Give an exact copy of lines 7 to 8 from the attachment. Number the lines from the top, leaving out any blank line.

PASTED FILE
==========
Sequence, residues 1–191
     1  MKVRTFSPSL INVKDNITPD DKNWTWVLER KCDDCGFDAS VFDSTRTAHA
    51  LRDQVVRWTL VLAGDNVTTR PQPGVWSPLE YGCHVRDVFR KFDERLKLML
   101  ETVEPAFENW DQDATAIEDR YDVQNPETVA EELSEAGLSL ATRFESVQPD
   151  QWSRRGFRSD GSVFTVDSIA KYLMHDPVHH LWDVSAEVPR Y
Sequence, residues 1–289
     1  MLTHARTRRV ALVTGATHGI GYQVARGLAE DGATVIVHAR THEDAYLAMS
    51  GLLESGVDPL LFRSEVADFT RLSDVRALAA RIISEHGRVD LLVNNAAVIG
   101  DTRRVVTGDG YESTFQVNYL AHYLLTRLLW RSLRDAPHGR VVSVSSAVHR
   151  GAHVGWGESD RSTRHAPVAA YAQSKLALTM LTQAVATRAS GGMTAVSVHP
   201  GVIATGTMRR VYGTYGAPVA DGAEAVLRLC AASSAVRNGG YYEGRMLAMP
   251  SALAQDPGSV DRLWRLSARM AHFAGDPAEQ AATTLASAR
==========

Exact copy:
     1  MLTHARTRRV ALVTGATHGI GYQVARGLAE DGATVIVHAR THEDAYLAMS
    51  GLLESGVDPL LFRSEVADFT RLSDVRALAA RIISEHGRVD LLVNNAAVIG